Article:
How to Teach Perseverance

My oldest son scraped at the interior of the giant pumpkin he was preparing this past month.

“This is hard!” he exclaimed.

I smiled, “You’re sticking with it though, that means you’re developing perseverance!”

After some time, he came to me, hands covered in pumpkin, “I’m finished!”

He beamed as he carried his pumpkin onto our front porch.

There are many opportunities throughout the day for children to persevere.  It is in the struggle and challenges of life that perseverance develops.

At Stepping Stone School, we recognize the value of perseverance and encourage growth in this area daily.  Our Platinum Learning for Lifecurriculum is specially designed to provide developmentally appropriate activities for children of all ages. Each child is provided the support and care he needs to become confident and prepared both socially and academically.

To continue to teach perseverance at home, consider applying some of the following strategies:

  1. Resist Rescuing Immediately. Give children the chance to struggle, sometimes an extra moment or two is all they need to be successful in a situation. If needed, adjust the level of difficulty of a task without taking away the challenge completely. Pushing them just a little will pay dividends in the end.
  2. Teach Practical Problem-solving. Before a child becomes frustrated, help him think about another way to solve the problem.  Helping him to learn to stop and think can often reveal a new or different way to reach the same goal.
  3. Try new things. Often when we try something for the first time, we face unforeseen challenges which provides an opportunity to develop perseverance.  Consider nurturing a new hobby with your child.  With the intrinsic motivation of personal interest, she will be more likely to persevere through any challenges to be successful in her chosen hobby.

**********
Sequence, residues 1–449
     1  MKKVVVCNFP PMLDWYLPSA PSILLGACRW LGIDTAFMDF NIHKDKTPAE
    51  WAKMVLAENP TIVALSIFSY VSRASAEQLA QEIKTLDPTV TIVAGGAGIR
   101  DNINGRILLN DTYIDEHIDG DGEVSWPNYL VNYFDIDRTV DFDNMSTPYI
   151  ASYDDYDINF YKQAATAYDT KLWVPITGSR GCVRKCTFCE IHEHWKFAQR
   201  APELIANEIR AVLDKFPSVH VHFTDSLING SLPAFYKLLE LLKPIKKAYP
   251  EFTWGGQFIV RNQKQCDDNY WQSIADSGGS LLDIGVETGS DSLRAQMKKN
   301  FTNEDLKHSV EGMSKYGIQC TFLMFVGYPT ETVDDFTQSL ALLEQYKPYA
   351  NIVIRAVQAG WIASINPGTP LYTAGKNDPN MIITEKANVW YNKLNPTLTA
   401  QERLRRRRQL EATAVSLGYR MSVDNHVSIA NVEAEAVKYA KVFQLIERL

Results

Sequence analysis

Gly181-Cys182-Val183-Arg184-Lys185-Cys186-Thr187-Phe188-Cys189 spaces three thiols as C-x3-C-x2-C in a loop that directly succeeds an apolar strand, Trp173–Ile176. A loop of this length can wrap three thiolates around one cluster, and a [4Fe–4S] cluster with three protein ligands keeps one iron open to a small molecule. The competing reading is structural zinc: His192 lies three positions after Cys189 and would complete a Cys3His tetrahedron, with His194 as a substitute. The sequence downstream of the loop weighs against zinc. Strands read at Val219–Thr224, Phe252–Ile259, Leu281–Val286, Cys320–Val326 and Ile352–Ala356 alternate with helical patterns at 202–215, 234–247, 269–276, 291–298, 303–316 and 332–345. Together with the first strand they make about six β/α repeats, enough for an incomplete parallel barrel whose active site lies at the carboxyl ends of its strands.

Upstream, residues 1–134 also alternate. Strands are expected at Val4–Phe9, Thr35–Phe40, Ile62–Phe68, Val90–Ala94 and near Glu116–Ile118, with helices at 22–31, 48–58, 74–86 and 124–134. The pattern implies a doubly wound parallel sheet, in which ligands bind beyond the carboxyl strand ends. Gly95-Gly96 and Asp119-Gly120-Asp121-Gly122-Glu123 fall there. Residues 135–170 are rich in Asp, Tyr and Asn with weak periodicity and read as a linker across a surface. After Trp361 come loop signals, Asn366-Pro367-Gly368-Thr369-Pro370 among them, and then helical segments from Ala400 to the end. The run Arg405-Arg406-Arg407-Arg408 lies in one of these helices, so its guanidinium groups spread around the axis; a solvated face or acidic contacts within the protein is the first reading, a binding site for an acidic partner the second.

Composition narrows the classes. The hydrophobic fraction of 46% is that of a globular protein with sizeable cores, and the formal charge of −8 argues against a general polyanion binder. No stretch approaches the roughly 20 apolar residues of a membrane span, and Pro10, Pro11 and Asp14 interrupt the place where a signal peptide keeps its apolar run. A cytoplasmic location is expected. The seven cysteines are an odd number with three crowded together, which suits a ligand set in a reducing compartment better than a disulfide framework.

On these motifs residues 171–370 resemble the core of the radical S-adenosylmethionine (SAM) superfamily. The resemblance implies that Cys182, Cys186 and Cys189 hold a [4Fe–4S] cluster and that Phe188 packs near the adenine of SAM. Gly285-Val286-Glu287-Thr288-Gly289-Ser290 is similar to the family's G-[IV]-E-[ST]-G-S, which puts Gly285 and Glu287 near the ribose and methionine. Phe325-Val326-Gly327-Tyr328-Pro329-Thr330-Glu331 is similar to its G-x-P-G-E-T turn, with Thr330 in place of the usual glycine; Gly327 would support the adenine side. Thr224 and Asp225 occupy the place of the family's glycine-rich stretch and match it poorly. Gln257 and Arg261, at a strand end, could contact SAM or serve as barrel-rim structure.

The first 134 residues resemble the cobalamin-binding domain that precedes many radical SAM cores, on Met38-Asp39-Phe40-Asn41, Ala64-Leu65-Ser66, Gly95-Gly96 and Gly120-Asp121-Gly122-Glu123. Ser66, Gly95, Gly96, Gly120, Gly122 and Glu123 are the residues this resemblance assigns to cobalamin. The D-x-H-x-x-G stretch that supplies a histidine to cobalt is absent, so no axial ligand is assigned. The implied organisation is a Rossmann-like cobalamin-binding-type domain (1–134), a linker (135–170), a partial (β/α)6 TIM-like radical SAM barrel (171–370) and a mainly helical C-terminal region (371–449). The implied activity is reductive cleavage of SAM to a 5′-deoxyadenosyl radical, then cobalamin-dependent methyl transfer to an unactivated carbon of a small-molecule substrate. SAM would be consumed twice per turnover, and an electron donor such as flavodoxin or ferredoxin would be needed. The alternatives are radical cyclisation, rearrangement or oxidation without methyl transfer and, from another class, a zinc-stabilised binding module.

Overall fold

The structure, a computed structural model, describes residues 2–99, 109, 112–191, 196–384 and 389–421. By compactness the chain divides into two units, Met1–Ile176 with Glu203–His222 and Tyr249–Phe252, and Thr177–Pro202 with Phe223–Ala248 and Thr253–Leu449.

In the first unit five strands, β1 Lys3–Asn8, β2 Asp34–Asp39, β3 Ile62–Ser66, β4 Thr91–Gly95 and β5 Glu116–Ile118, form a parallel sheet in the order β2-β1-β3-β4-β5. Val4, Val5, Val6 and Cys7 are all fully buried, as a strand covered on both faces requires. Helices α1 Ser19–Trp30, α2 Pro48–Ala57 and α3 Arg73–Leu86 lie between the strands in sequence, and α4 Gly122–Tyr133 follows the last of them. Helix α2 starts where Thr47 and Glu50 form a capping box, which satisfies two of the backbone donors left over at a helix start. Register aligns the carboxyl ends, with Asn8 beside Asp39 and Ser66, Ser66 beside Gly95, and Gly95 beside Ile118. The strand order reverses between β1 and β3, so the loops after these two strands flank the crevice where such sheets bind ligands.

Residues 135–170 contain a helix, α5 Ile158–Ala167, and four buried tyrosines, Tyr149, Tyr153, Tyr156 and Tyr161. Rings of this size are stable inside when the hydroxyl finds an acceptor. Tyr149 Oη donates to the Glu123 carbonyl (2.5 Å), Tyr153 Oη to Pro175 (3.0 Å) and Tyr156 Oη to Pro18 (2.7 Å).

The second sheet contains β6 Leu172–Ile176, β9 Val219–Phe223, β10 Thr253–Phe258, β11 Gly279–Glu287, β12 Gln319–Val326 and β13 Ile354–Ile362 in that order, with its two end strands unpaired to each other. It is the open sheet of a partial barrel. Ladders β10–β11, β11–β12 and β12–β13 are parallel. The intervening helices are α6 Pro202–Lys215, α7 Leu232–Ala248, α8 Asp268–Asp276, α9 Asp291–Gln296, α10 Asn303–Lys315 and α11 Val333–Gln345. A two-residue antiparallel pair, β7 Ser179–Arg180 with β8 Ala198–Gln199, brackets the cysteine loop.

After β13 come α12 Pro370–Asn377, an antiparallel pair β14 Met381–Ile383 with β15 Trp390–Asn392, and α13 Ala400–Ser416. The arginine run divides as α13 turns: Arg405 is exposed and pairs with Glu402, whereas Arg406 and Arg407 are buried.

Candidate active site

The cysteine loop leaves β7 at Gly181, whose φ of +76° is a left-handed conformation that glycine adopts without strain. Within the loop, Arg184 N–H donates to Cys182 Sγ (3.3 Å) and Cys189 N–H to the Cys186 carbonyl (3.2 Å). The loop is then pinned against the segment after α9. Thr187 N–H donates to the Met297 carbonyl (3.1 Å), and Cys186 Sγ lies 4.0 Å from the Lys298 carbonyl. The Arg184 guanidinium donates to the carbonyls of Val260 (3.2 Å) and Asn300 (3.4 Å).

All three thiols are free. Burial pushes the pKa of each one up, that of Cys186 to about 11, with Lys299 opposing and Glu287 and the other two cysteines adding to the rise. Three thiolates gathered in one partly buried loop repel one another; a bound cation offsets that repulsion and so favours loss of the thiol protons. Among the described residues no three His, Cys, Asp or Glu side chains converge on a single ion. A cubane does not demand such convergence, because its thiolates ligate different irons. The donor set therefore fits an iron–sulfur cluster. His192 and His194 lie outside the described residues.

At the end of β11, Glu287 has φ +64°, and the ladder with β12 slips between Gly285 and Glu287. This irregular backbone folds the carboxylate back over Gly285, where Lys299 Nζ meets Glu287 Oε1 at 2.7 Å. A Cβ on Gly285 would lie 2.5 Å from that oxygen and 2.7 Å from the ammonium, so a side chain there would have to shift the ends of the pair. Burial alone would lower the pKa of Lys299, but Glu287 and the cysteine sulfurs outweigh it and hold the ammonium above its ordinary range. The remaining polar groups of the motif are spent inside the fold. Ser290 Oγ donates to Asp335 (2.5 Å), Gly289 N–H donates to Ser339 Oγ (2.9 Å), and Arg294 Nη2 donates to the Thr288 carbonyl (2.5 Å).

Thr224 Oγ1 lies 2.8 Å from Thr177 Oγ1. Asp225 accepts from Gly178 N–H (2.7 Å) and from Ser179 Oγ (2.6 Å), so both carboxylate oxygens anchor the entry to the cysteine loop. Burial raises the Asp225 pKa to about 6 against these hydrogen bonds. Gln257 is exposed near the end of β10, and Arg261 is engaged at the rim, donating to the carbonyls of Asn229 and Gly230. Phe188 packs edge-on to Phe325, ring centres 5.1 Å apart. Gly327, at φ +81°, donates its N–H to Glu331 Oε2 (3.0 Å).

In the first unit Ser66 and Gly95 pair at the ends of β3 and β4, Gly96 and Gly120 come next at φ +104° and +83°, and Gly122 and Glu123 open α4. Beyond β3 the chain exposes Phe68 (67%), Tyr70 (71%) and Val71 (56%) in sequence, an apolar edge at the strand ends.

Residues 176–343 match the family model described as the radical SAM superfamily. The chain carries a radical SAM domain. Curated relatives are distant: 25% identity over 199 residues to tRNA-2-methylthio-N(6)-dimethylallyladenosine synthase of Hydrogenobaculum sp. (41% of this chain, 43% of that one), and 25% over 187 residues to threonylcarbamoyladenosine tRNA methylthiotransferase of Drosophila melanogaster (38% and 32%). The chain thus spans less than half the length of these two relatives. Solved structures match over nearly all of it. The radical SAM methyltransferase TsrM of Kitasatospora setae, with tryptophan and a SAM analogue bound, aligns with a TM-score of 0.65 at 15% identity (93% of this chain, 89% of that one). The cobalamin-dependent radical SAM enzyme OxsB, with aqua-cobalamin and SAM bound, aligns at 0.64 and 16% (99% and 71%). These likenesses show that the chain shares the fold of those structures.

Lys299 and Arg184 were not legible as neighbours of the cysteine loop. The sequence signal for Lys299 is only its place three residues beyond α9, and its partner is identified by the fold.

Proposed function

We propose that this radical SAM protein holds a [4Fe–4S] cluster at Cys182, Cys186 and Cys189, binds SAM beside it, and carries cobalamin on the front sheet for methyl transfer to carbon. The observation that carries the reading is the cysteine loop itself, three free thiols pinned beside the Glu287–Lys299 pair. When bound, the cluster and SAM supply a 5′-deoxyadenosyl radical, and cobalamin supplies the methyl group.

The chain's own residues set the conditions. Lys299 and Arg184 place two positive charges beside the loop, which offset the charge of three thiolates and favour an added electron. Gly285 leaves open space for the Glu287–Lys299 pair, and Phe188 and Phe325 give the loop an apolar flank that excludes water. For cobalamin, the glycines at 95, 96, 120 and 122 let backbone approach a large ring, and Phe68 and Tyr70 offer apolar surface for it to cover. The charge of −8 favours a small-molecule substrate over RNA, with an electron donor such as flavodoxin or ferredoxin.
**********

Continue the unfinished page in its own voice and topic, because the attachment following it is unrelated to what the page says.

4. Practice Positive Sayings. Sometimes, when encountering a new situation, children are quick to give up, stating, “I can’t!”  Help your child change his thinking by practicing statements like, “I can’t, YET!”  If he is becoming frustrated, remind him of past successes and how he overcame challenges before so he can do it again. Often helping him change his negative statements into positive statements will help him to persevere a little longer.
  5. Set Small Goals Together. In early elementary school, children start to understand the concept of setting and reaching goals. Together with your child, write down a goal and then think about the specific steps she will have to take to reach that goal.  Celebrate each reached goal and then set new ones.

Whether it is carving a pumpkin, becoming a better athlete or a better student, perseverance is necessary for success.  Together, we can support children as they develop this important quality.


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Duckworth, A., Peterson, C., Matthews, M., and Kelly, D. (2007, July). Grit: Perseverance and Passion for Long-Term GoalsJournal of Personality and Social Psychology. 92(6):1087-101. DOI: 10.1037/0022-3514.92.6.1087

Parents Magazine. (n.d.). How to Teach Kids Perseverance and Goal-Setting. Retrieved from

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Stringer, K. (2018, April 9). What You Never Realized You Were Teaching Your Child About Grit & Resilience: MIT Study Captures Techniques That Work for Babies as Young as 13 Months. Retrieved from

Welde, S. (2015, October 19).How to Teach Kids Perseverance. Retrieved from



Age Groups:

Advanced Pre-K

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